Walk 5 – Read Genesis Chapters 12 through 14. The Theme is: Abram’s call revealed; journey to and in Canaan; the rescue of Lot; and the appearance of Melchizedek to Abram.


Call of Abram

Because I want to live a life of faith in the promises of God my interpretation of the live of Abram is colored by that desire. I do not think this is wrong. Abram is held up as an example of faith because he believed God is spite of circumstances. I see the story of Abram as part of God’s redemption narrative.

The Lord had said to Abram, “Leave your country, your people and your father’s household and go to the land I will show you.” (Genesis 12: 1)

God gave the above call to Abram while he still resided in Ur of the Chaldeans. The tense in 12: 1 particularly is important. “Had said,” seems to indicate that Abram had heard this call but only partially obeyed. He left his country, and in the larger view, his people; but his father and the entire household journeyed with him.

Journey to Canaan

One needs to make a decision in the midst of facts that seem to contradict. The facts are: Terah died at 205, Abram left Haran at 75, Terah became a father at the age of 70, Terah’s son Haran died in Ur before they left, Stephen (in Acts 7) states both that Abram heard God call before they left and that Abram continued his journey after the death of his father.

Abram’s story is that he heard God’s call to go to Canaan and persuaded his father and household to accompany him. His father, Terah was 130 when Abram was born and when they arrived in Haran, the name of the city very similar to the son who had died in Ur, Terah took that as a sign they had gone far enough. Abram honored his father by staying until Terah’s death and then continued to Canaan. Taking his brother Haran’s son, Lot, with him was another act of partial obedience. He would finally learn to fully obey.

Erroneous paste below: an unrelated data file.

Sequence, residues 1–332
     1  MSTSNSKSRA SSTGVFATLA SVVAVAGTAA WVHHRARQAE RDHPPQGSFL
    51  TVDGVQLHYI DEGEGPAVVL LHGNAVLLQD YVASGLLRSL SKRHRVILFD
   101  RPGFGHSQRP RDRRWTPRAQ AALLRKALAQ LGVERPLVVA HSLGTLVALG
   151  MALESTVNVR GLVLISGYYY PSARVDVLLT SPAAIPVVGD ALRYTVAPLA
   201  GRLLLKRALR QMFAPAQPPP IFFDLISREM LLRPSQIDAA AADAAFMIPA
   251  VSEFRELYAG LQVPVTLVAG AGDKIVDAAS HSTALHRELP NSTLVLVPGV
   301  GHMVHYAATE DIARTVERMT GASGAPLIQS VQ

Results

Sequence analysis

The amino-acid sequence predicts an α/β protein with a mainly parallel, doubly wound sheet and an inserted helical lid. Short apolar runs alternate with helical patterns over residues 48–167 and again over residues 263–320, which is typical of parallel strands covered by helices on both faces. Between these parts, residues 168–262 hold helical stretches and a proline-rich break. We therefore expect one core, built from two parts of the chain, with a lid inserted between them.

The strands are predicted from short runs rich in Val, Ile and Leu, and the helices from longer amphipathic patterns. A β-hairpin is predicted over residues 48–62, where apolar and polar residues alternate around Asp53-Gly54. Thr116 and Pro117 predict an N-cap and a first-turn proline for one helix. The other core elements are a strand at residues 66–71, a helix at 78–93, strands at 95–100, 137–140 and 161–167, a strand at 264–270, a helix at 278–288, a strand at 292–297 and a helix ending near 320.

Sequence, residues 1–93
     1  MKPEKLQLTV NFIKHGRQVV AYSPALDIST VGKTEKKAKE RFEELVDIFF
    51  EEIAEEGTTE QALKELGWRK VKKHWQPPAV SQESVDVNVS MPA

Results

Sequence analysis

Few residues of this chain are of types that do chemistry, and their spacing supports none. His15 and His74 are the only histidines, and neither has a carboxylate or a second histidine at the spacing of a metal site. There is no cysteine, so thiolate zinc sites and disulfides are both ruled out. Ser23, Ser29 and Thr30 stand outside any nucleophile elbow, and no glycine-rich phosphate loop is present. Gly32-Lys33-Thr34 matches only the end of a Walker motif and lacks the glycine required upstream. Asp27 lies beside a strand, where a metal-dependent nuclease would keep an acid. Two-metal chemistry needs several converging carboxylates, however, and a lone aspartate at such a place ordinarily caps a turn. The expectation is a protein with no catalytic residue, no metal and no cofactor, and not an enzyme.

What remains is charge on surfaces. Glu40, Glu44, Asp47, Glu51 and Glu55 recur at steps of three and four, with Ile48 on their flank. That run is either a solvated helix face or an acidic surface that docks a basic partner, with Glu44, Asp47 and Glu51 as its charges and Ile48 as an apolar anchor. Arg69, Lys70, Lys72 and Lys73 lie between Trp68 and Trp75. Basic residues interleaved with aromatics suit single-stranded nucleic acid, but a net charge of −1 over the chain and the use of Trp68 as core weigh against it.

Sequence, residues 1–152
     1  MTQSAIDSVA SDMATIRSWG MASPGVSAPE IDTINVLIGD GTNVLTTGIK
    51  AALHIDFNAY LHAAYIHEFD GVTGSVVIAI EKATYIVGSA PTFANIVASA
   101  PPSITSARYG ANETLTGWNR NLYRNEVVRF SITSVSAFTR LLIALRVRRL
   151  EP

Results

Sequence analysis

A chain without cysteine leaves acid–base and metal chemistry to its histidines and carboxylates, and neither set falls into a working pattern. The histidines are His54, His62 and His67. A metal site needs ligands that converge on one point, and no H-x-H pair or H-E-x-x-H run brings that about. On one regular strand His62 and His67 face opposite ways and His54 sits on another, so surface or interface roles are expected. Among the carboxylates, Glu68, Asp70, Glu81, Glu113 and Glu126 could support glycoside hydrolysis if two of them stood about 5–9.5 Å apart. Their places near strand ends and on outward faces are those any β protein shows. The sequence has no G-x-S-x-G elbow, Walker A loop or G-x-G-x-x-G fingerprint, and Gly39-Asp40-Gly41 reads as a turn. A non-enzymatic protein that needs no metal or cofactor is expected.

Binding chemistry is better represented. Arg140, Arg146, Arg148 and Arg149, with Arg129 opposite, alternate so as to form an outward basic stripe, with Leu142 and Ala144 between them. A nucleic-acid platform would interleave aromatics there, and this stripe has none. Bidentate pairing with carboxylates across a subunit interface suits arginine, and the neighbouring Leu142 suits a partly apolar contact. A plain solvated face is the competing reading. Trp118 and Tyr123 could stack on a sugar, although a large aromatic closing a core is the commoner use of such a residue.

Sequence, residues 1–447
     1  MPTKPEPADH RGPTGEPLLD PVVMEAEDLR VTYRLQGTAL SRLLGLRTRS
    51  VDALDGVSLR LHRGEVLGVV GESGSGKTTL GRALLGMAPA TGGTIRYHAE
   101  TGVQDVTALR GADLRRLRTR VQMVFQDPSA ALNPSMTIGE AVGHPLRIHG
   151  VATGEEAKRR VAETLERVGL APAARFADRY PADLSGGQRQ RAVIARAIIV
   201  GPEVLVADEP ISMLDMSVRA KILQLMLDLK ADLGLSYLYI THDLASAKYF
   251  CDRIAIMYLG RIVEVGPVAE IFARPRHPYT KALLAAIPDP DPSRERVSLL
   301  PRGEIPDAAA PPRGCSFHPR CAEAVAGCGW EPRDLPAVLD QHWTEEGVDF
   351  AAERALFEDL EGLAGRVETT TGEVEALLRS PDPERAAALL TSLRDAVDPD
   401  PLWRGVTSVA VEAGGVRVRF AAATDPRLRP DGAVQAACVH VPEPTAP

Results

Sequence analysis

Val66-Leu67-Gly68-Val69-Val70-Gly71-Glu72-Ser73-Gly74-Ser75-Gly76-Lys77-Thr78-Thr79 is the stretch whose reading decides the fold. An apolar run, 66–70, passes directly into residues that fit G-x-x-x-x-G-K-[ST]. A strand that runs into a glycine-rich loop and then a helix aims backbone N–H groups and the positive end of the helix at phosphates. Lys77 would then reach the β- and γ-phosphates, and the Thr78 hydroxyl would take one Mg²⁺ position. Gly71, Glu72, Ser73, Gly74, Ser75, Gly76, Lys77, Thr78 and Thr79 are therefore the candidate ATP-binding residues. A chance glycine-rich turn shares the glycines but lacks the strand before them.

Rescue of Lot

Both Abram and Lot prospered and their herds became too large to travel together. Lot chose to pitch his tents near Sodom because of the rich grazing. He was captured in local warfare and rescued by Abram. These were some of the consequences of partial obedience.


The writer of Hebrews says of Melchizedek, “Without father or mother, without genealogy, without beginning of days or end of life, like the Son of God he remains a priest forever.” (Hebrews 7: 3) Certainly a Christ-like figure if not the appearance of pre-incarnate Christ. The entire scene of Abram giving tithes; of Abram receiving blessing from Melchizedek; and of Melchizedek bringing out bread and wine is a powerful prophetic event. God is the One who brings about the redemption narrative. He does the work; we fit into His plans and purpose. God is declared both Creator and Deliverer my Melchizedek:

“Blessed be Abram by God Most High, Creator of heaven and earth. And praise be to God Most High, who delivered your enemies into your hand.” (Genesis 14: 19, 20)